Steve Ballmer: The National Summit
June 16, 2009
A transcript of remarks by Steve Ballmer, Microsoft CEO, on fostering innovation and new ideas in the United States economy, The National Summit, Detroit, Michigan, June 17, 2009.

Remarks by Steve Ballmer, Microsoft CEO, on fostering innovation and new ideas in the United States economy
The National Summit
Detroit, Michigan
June 17, 2009

STEVE BALLMER: Well, thanks. When Alan Mulally suggested to me that the DEC (Detroit Economic Club) might want me here, I've got to say I jumped at the chance. I really love coming back to Detroit. I grew up here, got my uncles, cousins, old high school football coach, and probably a bunch of you who were planning on being here anyway in the audience.

And in a sense I would say this is the place where I learned almost everything I know that's really important about the world. Detroit has always been and is a place where people work really hard every day. It's where at least I learned about persistence, dedication, and really focusing in and doing a job and doing it really right.

Steve Ballmer, CEO of Microsoft, told an audience at The National Summit in Detroit that innovation and education are two critical factors that will determine how well the United States economy will perform in the decades to come. Ballmer was speaking at the Detroit Economic Club June 17.
Steve Ballmer, CEO of Microsoft, told an audience at The National Summit in Detroit that innovation and education are two critical factors that will determine how well the United States economy will perform in the decades to come. Ballmer was speaking at the Detroit Economic Club June 17.
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Detroit is where I first understood how new ideas drive progress and prosperity. I'm just about the right age for the heyday, if you will, of the automotive industry.

And it's certainly where I learned the value of educational opportunity.

To be honest, it's bittersweet returning to Detroit at this time as Detroit suffers so terribly from the impact of the economic downturn, but I remain very optimistic nonetheless about the process for Detroit and for this area.

Detroit is a special place, and it will, in my opinion, bounce back. I am by nature an optimist, but I'm also a realist. The auto industry does face very difficult business issues that run deeper than just the effects of the current recession, and ultimately success will depend on all of our abilities to confront a single fundamental challenge. It's a challenge not just in Detroit but for everybody. For more than a century, America really has been the global center for progress and innovation, thanks to an economy that fosters entrepreneurship, and rewards hard work and innovation.

The challenge here in Detroit, the challenge for all of us to remember why America has been so good at innovation for so long, and to really take steps to ensure that new ideas continue to flourish in this country and in this area. That's key for creating growth and opportunity for our companies, for our communities, for our citizens.

At the heart of U.S. economic success is really quite a simple fact: American companies are the best in the world, bar none, at turning new ideas into successful products and successful services. But how do we continue in every industry, from the automotive industry to the technology industry, how do we continue to be the best? And I think there are two things that are essential.

First, we really do have to deepen our commitment to innovation by investing more in research and taking a longer term view of the role that innovation plays in creating business success. Too many American companies I think have overemphasized – sounds like a funny thing to say – but overemphasized short-term profits over the kinds of long term investments in R&D which are necessary. And too many American companies failed to focus in on the type of business model innovation that really turns technology into successful, sustainable and profitable products.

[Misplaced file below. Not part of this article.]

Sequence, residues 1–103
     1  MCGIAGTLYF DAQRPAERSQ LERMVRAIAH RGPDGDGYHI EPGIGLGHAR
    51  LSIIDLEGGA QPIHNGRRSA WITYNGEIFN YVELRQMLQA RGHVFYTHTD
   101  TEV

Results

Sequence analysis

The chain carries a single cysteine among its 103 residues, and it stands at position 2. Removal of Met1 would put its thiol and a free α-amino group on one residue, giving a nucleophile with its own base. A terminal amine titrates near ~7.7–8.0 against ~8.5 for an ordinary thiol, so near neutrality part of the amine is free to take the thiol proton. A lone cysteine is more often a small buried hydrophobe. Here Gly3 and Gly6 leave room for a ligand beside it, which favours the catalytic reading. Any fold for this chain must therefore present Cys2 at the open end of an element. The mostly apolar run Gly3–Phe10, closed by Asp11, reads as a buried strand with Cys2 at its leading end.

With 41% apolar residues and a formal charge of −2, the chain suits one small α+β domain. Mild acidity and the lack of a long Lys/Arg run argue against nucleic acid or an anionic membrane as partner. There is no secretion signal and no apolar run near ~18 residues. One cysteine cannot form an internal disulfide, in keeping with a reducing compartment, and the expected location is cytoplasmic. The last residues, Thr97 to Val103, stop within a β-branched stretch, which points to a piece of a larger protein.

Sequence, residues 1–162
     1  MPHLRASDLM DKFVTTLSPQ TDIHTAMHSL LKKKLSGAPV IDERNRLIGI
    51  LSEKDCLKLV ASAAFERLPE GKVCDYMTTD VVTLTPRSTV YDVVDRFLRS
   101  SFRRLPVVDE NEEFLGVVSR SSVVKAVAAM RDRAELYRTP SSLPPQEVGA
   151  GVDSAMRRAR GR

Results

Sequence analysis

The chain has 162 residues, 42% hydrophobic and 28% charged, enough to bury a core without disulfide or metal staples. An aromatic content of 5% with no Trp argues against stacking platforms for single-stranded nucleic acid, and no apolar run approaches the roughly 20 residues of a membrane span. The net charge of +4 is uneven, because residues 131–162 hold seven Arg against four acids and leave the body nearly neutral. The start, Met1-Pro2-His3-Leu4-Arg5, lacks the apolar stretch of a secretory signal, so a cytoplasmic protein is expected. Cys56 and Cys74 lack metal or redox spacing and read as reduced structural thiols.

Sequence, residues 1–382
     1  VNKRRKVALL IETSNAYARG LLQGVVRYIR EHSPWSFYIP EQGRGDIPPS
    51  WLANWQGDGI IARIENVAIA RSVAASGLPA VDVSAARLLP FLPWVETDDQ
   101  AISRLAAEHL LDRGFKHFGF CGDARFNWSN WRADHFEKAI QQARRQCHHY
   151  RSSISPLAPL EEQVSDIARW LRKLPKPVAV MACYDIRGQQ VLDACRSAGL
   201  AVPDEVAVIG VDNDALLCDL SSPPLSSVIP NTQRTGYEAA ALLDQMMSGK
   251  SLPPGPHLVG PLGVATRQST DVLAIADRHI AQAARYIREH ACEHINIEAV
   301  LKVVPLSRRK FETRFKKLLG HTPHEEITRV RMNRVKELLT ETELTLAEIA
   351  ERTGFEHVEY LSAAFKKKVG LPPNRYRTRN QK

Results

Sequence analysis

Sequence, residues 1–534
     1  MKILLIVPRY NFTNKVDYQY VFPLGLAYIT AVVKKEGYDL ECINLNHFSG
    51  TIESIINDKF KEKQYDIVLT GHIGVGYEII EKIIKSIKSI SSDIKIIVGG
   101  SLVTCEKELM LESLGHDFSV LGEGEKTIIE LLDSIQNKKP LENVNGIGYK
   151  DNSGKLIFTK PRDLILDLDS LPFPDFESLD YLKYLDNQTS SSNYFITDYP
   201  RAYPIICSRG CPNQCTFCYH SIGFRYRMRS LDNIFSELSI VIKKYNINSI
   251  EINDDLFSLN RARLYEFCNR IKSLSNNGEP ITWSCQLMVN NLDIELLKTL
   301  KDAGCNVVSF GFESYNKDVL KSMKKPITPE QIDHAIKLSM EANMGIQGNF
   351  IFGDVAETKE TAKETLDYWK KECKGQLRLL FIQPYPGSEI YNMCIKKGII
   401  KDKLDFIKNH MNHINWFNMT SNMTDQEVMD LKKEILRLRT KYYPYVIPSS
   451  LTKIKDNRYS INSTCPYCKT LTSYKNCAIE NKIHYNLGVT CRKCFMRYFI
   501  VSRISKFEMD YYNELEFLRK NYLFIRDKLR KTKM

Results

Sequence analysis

The second thing we have to do, absolutely must do is provide a first-class education to everyone in this country. At a time when knowledge is a source of innovation and progress, as Aneesh (Aneesh Chopra, Chief Technology Officer of the United States) had a chance to say, we're falling behind other nations, particularly in math and in science.

From my years at Microsoft, I've learned and seen how innovation drives business success. Our company had a chance to help really pioneer the PC revolution through technological innovation in software, and business innovation that made computers widely affordable and broadly usable.

Today, the world is on the verge of a whole other set of rapid progress and sweeping change in information technology. We love to talk about cloud computing and the innovations that this will bring, and believe me, even though I won't explain it, it's important. (Laughter.)

We love to talk about the importance of the high-speed, ubiquitous broadband networks, wireless, wired; important, I guarantee it.

We talk about natural user interface, speech, natural language, voice, computers that know what you meant not just what you said; super, super important as we move forward.

And we can think about all of these things and the increased affordability and usability of computing devices.

And I get up every morning in our industry and say, wow, what a fantastic opportunity to create new products that will change the world, and be great businesses in which we can employ people and make a great profit. That's fantastic, that is really fantastic.

But there's even almost a more profound opportunity for us. As these new trends converge, I think our industry will actually lead to a situation where many other companies have an outpouring of ideas and innovation that expand the universe of what is possible.

This process is already underway. Here in Detroit the Ford Sync is a great example. Sync, which was jointly developed by Ford and Microsoft, gives drivers safe, voice-activated access to music, communications, the Internet, traffic reports, business listings, news, weather updates, emergency services, and if they're Aaron Ballmer, age 10, my son, sports scores. (Laughter.)

Sync enables people to stay connected, and it provides new opportunities for carmakers to transform their business model using software to create new revenue opportunities even after a car has left the lot.